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GENERAL REMARKS UPON INFECTION
MUCH confusion exists in the popular use of the
of the term “infection.” By many it is supposed to be synonymous with contagion. But this is not in accordance with established
well-informed physicians. It is a far more comprehensive term ; for, while all contagious diseases are infectious, not all infectious diseases are contagious. A contagious disease is one which may be transmitted by personal contact, as, for example, smallpox, measles, scarlet fever. These diseases may also be communicated, indirectly, through the medium of objects which have been in contact with infected individuals, such as clothing, bedding, etc. (“fomites "). While the contagious diseases mentioned and others which are generally recognised as liable to be contracted by contact with the sick are also infectious, there are numerous diseases which are infectious but not contagious. As examples of this class we may mention the malarial
fevers, yellow fever, and trichinosis. Still others, such as cholera, typhoid fever, and dysentery are only transmitted by personal contact under very exceptional circumstances.
The word “infection,” from the Latin verb inficio, means literally to put or dip into anything; but in its accepted technical sense the putting of non-living particles into a living body does not constitute infection. A man who receives a load of bird-shot in the muscles of his thigh is not infected with bird-shot or with lead. But when a living micro-organism is introduced into the body of a living animal and multiplies there, the animal is infected. This infection may be localised, as in the case of a carbuncle, an abscess, a pneumonia, a pleurisy, etc., or it may be a general blood infection, as in relapsing fever, yellow fever, or the malarial fevers. In cholera and dysentery the infectious agent is in the alimentary canal, and penetrates to a greater or less extent the mucous membrane of the intestine. In typhoid fever it invades the glands of the intestine and mesentery, and the spleen. In diphtheria the mucous membrane of the throat and posterior nares is the usual seat of the infection.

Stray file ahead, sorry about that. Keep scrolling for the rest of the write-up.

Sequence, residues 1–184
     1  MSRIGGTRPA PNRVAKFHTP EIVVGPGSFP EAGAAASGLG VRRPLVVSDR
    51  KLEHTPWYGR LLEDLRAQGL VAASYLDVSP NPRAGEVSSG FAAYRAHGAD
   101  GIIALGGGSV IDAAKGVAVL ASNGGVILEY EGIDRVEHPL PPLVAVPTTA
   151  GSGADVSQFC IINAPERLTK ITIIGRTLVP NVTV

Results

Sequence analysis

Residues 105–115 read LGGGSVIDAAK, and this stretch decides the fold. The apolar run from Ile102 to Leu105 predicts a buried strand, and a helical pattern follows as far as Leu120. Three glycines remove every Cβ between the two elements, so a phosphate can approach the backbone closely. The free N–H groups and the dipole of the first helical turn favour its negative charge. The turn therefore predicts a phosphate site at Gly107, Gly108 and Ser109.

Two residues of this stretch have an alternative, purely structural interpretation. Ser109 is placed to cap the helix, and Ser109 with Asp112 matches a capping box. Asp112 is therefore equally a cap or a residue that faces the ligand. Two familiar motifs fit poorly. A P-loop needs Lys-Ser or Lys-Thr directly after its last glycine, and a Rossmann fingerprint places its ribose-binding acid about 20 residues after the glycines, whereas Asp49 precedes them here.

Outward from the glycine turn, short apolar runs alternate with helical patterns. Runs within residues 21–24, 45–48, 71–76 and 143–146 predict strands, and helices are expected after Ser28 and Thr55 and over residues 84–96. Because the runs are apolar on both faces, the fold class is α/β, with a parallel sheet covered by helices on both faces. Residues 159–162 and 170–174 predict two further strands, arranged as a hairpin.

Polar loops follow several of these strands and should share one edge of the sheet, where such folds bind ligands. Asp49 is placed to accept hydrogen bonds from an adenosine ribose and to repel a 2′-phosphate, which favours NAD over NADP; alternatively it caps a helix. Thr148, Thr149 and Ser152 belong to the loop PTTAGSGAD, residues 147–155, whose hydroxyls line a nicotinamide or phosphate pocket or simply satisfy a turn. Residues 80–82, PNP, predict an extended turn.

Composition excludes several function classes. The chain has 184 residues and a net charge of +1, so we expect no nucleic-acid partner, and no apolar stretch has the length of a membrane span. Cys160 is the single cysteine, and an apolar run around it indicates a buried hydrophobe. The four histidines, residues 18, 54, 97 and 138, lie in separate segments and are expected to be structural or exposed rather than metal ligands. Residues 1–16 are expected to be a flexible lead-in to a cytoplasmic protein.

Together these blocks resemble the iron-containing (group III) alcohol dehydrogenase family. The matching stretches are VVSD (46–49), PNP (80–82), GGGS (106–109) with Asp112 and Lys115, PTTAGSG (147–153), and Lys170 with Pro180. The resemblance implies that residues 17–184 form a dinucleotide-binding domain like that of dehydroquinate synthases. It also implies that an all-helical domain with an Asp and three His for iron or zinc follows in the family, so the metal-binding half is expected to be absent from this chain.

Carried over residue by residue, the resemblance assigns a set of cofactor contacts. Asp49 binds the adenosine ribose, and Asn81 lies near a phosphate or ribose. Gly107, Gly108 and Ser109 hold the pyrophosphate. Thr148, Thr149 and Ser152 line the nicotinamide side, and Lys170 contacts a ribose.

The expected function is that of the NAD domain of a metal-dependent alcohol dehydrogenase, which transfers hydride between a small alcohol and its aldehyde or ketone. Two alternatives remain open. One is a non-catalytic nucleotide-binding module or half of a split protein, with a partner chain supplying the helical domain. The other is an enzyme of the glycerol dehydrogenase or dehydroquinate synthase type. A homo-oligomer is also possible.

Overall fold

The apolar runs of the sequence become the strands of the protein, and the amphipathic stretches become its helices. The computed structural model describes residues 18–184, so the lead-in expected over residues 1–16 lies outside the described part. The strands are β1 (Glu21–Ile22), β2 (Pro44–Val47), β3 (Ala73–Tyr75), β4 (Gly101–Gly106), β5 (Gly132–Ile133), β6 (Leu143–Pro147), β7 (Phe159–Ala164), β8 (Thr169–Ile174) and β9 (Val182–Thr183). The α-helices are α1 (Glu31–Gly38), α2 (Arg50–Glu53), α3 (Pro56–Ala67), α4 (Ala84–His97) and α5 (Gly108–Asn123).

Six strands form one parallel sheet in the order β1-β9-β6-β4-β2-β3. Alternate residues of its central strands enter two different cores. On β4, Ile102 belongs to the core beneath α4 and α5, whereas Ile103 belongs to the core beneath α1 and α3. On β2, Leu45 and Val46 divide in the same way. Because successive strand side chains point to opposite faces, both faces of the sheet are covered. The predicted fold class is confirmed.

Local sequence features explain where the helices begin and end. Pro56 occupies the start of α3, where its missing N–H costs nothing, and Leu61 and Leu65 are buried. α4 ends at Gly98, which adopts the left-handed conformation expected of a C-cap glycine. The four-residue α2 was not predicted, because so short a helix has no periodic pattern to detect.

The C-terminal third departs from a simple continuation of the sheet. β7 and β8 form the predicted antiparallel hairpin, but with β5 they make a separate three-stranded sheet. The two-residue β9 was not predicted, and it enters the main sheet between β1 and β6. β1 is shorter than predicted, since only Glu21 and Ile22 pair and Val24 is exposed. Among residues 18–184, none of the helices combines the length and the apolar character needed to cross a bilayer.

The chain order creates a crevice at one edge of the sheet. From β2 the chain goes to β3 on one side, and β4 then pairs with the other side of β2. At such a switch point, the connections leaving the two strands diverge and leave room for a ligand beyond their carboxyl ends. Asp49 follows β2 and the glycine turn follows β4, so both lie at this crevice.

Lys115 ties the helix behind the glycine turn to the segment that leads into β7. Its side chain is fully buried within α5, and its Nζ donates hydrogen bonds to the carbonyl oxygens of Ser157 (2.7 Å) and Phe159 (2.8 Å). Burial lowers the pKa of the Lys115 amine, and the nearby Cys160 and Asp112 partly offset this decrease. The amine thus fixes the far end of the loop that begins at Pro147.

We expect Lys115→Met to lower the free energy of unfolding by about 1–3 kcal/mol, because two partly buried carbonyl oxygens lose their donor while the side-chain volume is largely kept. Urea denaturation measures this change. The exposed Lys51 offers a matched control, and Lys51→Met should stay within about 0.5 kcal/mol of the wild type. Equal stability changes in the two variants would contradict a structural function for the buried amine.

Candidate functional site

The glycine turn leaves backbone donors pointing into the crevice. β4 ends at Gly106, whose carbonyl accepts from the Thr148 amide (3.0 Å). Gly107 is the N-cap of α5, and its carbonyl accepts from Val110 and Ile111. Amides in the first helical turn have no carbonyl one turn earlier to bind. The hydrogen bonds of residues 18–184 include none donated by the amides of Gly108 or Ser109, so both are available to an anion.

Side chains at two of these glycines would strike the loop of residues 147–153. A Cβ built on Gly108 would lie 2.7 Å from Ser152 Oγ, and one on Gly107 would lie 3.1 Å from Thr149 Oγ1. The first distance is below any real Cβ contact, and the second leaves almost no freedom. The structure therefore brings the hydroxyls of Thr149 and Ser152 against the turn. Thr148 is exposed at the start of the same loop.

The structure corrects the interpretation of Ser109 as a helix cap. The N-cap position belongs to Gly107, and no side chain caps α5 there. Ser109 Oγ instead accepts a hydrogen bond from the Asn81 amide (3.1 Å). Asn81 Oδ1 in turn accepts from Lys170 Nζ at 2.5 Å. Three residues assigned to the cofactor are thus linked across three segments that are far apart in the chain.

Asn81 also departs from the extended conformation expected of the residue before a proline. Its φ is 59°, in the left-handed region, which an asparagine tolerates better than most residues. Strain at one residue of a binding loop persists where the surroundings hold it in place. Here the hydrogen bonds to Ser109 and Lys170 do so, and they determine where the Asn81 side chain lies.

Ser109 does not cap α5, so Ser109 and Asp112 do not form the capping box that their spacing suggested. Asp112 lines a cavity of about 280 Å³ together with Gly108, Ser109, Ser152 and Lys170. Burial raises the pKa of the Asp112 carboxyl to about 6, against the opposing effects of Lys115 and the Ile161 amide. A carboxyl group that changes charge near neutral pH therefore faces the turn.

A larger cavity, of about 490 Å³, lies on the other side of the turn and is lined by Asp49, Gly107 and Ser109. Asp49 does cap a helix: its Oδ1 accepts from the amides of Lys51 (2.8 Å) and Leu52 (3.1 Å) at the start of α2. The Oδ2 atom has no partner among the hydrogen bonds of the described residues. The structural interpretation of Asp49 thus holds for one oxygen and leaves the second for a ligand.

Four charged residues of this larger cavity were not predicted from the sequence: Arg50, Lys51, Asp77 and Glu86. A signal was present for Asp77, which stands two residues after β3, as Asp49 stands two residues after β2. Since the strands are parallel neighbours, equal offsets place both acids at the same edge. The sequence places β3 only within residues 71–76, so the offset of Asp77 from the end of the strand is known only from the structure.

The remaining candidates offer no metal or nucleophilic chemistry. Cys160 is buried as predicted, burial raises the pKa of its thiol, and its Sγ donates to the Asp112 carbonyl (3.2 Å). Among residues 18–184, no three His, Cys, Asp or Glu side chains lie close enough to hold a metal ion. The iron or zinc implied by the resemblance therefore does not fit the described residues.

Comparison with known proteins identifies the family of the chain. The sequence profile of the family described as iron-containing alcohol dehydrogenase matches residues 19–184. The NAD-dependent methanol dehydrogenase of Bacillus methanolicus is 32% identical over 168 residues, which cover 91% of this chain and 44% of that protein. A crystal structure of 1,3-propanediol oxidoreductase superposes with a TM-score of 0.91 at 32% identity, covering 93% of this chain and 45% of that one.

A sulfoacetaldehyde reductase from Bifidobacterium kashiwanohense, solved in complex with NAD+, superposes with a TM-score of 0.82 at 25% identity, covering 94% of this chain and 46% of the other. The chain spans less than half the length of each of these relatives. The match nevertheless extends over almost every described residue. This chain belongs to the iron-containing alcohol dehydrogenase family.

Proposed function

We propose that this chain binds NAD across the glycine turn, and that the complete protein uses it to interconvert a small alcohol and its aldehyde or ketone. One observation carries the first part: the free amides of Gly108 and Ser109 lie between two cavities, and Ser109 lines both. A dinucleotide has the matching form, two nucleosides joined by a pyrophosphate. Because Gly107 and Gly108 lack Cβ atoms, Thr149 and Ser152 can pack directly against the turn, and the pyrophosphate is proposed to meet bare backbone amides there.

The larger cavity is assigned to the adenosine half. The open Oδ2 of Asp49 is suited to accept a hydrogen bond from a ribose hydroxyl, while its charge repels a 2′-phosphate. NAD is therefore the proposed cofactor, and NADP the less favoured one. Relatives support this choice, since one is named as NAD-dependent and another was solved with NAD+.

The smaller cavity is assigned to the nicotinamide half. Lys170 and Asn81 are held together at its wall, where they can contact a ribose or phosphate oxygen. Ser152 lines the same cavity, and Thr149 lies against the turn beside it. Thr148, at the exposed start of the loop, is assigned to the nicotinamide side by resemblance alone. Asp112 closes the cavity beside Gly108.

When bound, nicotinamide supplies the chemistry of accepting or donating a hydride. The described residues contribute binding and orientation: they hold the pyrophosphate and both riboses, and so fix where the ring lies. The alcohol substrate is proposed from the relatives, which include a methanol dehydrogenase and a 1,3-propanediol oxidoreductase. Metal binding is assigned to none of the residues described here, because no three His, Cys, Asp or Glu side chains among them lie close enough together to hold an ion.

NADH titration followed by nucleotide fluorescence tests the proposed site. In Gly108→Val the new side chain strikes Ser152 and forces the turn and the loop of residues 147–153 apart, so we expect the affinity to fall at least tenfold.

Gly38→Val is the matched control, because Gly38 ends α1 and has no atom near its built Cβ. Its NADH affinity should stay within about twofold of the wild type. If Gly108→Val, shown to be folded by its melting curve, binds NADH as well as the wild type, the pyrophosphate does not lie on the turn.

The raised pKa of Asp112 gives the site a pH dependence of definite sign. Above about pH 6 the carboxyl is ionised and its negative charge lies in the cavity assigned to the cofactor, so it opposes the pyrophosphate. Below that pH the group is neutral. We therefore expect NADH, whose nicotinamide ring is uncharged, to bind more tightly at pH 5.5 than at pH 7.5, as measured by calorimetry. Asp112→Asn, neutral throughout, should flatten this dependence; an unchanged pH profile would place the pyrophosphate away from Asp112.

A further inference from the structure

Certain infectious diseases have their seat in various favourite localities upon the external portion of the body. These are the infectious skin diseases,
which are also contagious for evident reasons. The fact that the infecting parasite must penetrate the body of its living host is well illustrated by the infectious skin disease known popularly as “itch” (scabies). The itch insect deposits its ova and rears its family in burrows beneath the epidermis, and thus becomes the agent in the production of an infectious skin disease. Certain other parasites, known as pediculi, infest the surface of the body, especially in localities covered with hair. As these do not penetrate the skin, their presence does not constitute an infection.
The fact that a disease may be transmitted through a series of individuals either by contagion or in some other way—by inoculation, by contaminated drinking-water, etc.—is evidence that it is due to a living disease germ of some kind and that it is consequently infectious. An individual who has been stung by a wasp or bitten by a rattlesnake is not infected but poisoned. The symptoms resulting from such a bite cannot be reproduced in another individual by inoculation of blood or other material from the body of the person bitten. . But the bite of a rabid dog gives rise to an infectious disease—“hydrophobia "—which may be transmitted by inoculation through a series of men or dogs or other susceptible animals.
The poison introduced by a wasp or rattlesnake
does not multiply in the body of the individual bitten and the symptoms produced bear a direct relation to the amount injected. Moreover, the symptoms follow very closely after the bite. On the other hand, an infectious disease resulting from inoculation, or contracted in any other way, is not developed at once; but after the introduction of the infectious material a certain interval elapses, technically known as the
period of incubation,” before the symptoms characteristic of the disease are manifested. In the case of hydrophobia, resulting from the bite of a rabid animal, this so-called period of incubation may be greatly prolonged. It is seldom less than two weeks and may be six months or more. But, as a rule, the period of incubation is quite definite for each infectious disease, although differing greatly in different diseases. Thus it is usually less than three days in scarlet fever and diphtheria; from two to five days in yellow fever and influenza; from seven to ten days in whoopingcough; eleven or twelve days in smallpox; fourteen days in measles; and from seventeen to twenty-one days in mumps. In wound infections, resulting from the introduction of certain well-known disease germs into wounds produced by the surgeon's knife or otherwise, the period of incubation is comparatively short, and erysipelas or“ blood-poisoning" may be developed within a few hours after the inoculation occurs.
What has already been said will, it, is hoped, make the following definition of an infectious disease quite clear. An infectious disease is one which is caused by the introduction of living disease germs within the body of a susceptible individual. This definition includes the idea of the reproduction—that is, multiplication within the body—of the specific disease germ, which must be living and thus capable of reproduction in order to produce an infectious disease. Moreover, it must find conditions favourable for its reproduction within the body or it will not give rise to any disease process—that is, the individual must be susceptible.